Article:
Let's get back to that comparison mentioned at the top of the review. In the picture above, you can see the Street Strap on top, the AFShoot Shop in the middle and on the bottom, the Stroppa Flex (the thinnest of the three). Besides the varying thicknesses, what really sets them apart is not only the quality of the leather ends, but the attention to detail; careful and robust stitching, and the finish of same. While the top two vary slightly in robustness, neither are as nicely finished, or the thread ends smooth (if not hidden entirely). There's also the camera protecting flap of the Stroppa straps. Really, there's no comparison as to which is the nicest (hint; it's the Stropp Flex!).

The Verdict

What's nice about these round straps is that they don't twist up like conventional, flat straps do. There's also no "shoulder pad" to deal with. As a result, you can easily wear the camera to your side and slide it up quickly to your eye, even with bulky or "catchy" clothing. Furthermore, you can easily loop the strap around your wrist to use it as a wrist strap. They're simple and get the job done, require no maintenance and take extreme punishment well.

While we certainly like the high-end feel of the Artisan & Artist ACAM-301, the price is a tough pill to swallow. The garish branding and white contrast stitching on the strap ends has also been a bit of a turn off, to be honest. Though it does come in four colors (black, white, red and khaki). This drove us to choose the Street Strap initially - same principle but at a much better price point; largely due to the choice of nylon vs. silk for the strap material. Much more low-key than the ACAM-301, but it only comes in black. However, it's a fairly thin strap. The AFShoot Shop strap takes it a step further with thicker rope - which is perfect for heavier rigs or those that just prefer a beefier strap. Three colors to choose from, yet low-key as well. The problem is the finishing of the ends, which leaves something to be desired.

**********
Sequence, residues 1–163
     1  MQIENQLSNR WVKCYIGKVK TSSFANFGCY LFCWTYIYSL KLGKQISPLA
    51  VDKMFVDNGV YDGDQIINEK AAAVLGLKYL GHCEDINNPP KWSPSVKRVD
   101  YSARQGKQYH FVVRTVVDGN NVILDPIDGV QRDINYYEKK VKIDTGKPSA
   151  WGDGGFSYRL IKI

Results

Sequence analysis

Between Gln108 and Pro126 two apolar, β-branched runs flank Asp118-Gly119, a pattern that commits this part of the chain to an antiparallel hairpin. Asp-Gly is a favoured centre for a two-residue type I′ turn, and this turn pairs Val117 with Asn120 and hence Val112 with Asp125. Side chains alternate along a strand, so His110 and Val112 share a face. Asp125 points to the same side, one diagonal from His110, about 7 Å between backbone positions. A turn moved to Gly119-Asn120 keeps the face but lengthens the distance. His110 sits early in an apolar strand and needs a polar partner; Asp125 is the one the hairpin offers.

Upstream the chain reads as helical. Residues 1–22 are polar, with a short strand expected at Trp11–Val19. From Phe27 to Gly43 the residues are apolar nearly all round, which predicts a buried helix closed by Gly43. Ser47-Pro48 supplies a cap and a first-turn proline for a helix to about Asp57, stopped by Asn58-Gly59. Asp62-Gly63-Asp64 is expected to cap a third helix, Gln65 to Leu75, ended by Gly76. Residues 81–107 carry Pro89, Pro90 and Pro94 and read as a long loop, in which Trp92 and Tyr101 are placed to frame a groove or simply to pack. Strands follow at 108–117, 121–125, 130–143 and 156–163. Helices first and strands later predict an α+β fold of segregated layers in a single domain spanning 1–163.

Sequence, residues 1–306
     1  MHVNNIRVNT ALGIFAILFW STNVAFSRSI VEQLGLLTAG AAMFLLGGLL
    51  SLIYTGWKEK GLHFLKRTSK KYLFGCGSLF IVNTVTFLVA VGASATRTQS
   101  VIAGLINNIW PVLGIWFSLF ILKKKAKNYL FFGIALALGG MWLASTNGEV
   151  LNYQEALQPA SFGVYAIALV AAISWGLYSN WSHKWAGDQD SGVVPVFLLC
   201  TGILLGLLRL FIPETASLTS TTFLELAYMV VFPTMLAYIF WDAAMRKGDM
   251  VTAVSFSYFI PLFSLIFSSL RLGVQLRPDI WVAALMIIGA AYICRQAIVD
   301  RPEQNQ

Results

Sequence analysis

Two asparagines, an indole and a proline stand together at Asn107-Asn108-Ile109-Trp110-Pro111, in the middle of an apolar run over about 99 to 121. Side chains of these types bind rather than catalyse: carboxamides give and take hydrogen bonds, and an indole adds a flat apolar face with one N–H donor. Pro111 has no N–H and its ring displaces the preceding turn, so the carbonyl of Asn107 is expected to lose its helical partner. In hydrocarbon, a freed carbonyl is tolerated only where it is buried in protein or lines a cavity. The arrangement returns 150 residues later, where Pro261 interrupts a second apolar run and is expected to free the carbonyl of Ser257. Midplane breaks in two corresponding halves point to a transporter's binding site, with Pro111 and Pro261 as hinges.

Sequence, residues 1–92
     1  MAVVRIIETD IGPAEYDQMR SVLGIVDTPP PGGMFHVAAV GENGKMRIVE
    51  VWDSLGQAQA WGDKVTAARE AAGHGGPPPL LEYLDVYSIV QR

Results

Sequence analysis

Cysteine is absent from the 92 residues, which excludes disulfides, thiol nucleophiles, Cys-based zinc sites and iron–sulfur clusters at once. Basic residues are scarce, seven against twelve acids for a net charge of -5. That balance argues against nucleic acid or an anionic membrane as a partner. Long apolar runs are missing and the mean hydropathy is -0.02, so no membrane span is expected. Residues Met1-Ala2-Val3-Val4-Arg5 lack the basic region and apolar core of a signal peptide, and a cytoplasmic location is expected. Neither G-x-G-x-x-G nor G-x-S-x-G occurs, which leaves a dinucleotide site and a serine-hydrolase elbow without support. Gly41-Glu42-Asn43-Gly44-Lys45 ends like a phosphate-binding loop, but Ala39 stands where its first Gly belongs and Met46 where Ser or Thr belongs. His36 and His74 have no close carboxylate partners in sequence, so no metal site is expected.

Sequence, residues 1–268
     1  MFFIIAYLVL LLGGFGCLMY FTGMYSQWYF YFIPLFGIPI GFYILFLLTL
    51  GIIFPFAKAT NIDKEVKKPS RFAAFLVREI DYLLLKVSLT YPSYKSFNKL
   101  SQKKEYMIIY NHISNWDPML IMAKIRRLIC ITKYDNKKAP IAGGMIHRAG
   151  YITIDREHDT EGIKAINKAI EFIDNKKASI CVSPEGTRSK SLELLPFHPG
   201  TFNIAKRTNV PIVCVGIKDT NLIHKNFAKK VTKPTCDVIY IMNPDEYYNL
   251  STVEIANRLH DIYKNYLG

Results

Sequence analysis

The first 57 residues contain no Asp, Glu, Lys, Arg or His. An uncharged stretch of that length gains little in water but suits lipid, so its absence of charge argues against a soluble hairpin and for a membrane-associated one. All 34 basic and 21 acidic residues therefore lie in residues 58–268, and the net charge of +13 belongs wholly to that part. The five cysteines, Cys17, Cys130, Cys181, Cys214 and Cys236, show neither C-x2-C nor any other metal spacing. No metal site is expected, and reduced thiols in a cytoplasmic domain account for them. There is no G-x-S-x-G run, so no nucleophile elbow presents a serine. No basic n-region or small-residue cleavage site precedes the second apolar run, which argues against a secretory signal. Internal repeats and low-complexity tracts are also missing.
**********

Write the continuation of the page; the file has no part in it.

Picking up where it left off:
This is where the Stroppa straps come in. They combine the thicker rope material of the latter, with perfectly made strap ends that are a joy to behold and use - and offer the additional feature of camera protecting flaps around the lugs. They're the ultimate development of nylon straps and while they compete most directly with the Artisan & Artist ACAM-301 - they have a much more reasonable price point and vastly better robustness. They also look nicer overall, in our opinion. If you're in the market for a solid, beautiful nylon and leather strap, Stroppa straps are the only ones you should be looking at.

The Stroppa straps also come in at about $38 USD, regardless of the length. This makes them the most inexpensive of all the options and a no-brainer, in our opinion.

The Stroppa straps have become our new favorite straps, bar none!